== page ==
She suggested a few doulas she knows who fit the bill, and I met last week with two seasoned doulas in town, Erica Hope and Amanda Wyzkowski, who’ve recently teamed up to offer their combined services to expecting families.
Here’s what those services include:
- Two prenatal visits (in addition to the first meeting – ours lasted an hour)
- Information on birth (and breastfeeding, etc.) resources
- Early labor support either at home or in the hospital
- Constant care and support in active labor
- Every effort and attention in maintaining a calm birth experience
- Assistance in gathering information needed to make informed decisions
- One postpartum visit at home
- Unlimited breastfeeding support and information
- Unlimited access to their lending library
That’s a lot. They’re also totally accessible via email and phone – far more so than my OB practice’s nurse line. When it comes to weird pregnancy or birth questions, too, they're a lot more reassuring and informative than Google. (Me + Google = hypochondria.)
When we all sat down to talk for the first time, Erica and Amanda asked me about my blood clot history and preventative treatment (I’m on blood thinners while pregnant), and also about what I want for my upcoming birth. I ran through my list: limited fetal monitoring, no interventions or drugs, a calm and positive birth, immediate skin-to-skin contact with my baby once he’s born, no vaccinations, for my baby to stay with me at all times, to breastfeed like a champ, etc.
Aaron was a big part of the conversation, too, and Amanda and Erica spoke to the importance of dads; they view their role as facilitating – rather than replacing -- dads’ involvement in a birth. They spoke to each of my concerns and desires within the context of a hospital birth, too, and specifically in the context of the hospital I’m giving birth in. They're clearly familiar with the hospital’s procedures and practices, and already had tips to offer on how I’ll be able to advocate for myself and my baby in the ways that feel right to me when I’m there.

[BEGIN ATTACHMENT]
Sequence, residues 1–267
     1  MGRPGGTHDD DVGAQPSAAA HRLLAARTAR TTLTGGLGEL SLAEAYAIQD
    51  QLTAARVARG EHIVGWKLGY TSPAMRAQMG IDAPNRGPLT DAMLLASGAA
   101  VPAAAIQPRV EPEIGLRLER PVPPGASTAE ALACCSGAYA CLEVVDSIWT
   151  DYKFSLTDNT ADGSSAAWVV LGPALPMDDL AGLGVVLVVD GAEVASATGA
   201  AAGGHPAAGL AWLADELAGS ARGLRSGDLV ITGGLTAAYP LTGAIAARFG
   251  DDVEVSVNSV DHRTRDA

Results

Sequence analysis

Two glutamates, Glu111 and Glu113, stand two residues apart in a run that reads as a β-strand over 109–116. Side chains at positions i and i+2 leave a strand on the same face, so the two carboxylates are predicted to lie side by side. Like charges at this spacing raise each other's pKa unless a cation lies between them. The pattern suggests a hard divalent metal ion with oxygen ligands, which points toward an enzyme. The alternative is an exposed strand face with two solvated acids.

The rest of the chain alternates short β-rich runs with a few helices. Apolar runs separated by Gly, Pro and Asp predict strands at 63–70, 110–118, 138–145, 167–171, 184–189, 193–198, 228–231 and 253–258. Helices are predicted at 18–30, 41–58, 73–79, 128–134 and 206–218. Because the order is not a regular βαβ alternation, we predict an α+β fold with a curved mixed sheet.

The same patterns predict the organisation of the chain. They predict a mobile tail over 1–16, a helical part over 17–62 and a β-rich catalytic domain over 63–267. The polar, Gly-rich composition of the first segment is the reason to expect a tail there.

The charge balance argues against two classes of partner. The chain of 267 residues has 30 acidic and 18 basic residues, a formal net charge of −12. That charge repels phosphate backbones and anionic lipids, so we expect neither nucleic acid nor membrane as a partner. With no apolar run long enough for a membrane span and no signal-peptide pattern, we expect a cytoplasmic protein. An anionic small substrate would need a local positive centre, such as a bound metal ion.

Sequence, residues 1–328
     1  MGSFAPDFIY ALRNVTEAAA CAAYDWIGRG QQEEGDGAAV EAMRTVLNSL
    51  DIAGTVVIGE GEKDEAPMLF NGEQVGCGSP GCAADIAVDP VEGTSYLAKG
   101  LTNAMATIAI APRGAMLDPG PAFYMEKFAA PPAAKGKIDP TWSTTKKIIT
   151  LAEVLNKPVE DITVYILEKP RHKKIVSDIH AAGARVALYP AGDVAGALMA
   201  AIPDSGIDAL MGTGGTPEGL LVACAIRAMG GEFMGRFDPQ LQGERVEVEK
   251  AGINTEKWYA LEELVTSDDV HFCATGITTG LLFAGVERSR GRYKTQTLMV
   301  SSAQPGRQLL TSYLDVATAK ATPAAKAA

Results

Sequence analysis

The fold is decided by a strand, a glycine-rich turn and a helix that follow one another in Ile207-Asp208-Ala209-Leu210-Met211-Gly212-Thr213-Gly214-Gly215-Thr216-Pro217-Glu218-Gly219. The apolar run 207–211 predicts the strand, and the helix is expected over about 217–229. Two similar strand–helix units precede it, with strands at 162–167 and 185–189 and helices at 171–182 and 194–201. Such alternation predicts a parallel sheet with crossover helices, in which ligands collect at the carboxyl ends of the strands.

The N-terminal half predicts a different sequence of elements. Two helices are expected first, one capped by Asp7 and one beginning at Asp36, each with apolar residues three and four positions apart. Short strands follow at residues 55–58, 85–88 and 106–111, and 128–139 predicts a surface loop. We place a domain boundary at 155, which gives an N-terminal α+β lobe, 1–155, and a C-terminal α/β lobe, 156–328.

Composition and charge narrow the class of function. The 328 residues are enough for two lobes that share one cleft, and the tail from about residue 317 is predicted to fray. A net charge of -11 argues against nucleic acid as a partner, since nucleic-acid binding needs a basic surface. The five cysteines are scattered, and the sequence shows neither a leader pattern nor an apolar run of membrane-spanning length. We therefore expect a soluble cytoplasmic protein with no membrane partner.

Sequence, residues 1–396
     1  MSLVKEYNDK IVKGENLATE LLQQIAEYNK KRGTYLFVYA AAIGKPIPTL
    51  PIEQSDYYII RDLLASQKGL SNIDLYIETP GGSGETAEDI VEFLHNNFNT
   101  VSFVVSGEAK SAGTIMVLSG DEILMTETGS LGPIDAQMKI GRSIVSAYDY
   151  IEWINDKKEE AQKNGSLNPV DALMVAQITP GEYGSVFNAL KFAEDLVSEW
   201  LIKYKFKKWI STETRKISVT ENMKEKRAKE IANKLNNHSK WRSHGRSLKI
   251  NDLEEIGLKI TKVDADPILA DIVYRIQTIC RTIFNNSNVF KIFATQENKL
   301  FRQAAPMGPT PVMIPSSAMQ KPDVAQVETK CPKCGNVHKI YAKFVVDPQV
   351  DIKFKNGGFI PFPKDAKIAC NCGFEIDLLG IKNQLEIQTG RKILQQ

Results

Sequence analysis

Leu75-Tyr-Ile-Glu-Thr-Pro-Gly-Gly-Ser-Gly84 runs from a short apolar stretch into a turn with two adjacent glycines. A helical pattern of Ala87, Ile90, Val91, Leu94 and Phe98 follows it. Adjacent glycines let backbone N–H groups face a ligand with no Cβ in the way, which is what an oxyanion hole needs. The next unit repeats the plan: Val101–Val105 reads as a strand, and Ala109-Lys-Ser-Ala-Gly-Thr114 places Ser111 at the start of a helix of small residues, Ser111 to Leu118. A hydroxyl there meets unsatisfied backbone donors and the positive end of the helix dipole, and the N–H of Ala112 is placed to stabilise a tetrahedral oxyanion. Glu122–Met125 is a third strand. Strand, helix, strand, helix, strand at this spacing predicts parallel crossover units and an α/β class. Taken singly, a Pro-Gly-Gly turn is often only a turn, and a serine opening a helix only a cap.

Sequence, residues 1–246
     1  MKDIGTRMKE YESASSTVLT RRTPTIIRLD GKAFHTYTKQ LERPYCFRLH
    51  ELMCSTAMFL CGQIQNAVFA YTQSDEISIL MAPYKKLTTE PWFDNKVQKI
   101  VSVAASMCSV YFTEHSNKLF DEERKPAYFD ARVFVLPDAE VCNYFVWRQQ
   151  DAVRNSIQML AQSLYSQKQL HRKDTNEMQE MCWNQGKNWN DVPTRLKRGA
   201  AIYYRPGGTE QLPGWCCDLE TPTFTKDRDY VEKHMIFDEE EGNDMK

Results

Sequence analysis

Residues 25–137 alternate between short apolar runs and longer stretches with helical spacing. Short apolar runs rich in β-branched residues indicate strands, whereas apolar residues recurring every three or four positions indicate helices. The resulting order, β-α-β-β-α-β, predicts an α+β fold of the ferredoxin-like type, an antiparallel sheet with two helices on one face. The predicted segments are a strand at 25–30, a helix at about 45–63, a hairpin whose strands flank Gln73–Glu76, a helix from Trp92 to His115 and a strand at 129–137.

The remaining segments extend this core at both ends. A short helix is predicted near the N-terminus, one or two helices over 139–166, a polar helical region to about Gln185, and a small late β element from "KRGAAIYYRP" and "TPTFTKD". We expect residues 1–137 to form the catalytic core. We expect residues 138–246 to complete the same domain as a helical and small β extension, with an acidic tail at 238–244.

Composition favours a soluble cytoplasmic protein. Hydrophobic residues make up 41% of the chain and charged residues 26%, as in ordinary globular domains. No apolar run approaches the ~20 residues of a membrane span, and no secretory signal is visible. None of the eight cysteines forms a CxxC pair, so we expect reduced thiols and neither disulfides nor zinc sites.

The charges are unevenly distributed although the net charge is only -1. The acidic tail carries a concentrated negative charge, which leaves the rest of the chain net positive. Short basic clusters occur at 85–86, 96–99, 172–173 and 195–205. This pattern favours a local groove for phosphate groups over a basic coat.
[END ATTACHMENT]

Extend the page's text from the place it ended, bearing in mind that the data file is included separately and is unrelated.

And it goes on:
At $900 it’s definitely an expense, but we feel it’s well worth it. And I was surprised by how reasonable their fee is -- I've seen other doulas around here charge upwards of $1500 -- considering they’re offering a comprehensive two-for-one deal. (Whomever is on call will attend my actual birth, but they’ll both take part in everything else, from home visits to email, and they both offer different areas of experience and expertise). They left us to talk it over and follow up whenever, and we got in touch later that day to tell them we look forward to their participation in our new baby’s birth.
I know birth plans can change on the fly, and I can always go with the flow in the event that ours needs to. I trust my doctor -- another key member of my birth team -- to recommend interventions only if she really thinks they're necessary; she supports my goals for a natural birth, too. Bearing in mind that anything can happen, I feel good about developing a plan to begin with this time around. I think it's a powerful tool. Step one – hiring a doula – is now checked off on my list, and it’s made this whole ‘having a baby’ thing that much more real. That and the dance party taking place in my belly right now. There's a baby in there, and, sometime in September, he's going to meet us out here. I'm getting excited!
Did you have a doula at your birth? Was she (or he) helpful? How so, or why not? (My editor's doula fell asleep during his wife's labor! WHAT.) Do you think having a doula helped you to carry out your birth plan or goals? Would you hire one again, or, if you didn’t have one, would you want one next time? How much do doulas cost in your neck of the woods? Did your insurance cover the fee? Tell me about your birth experiences with doulas on board!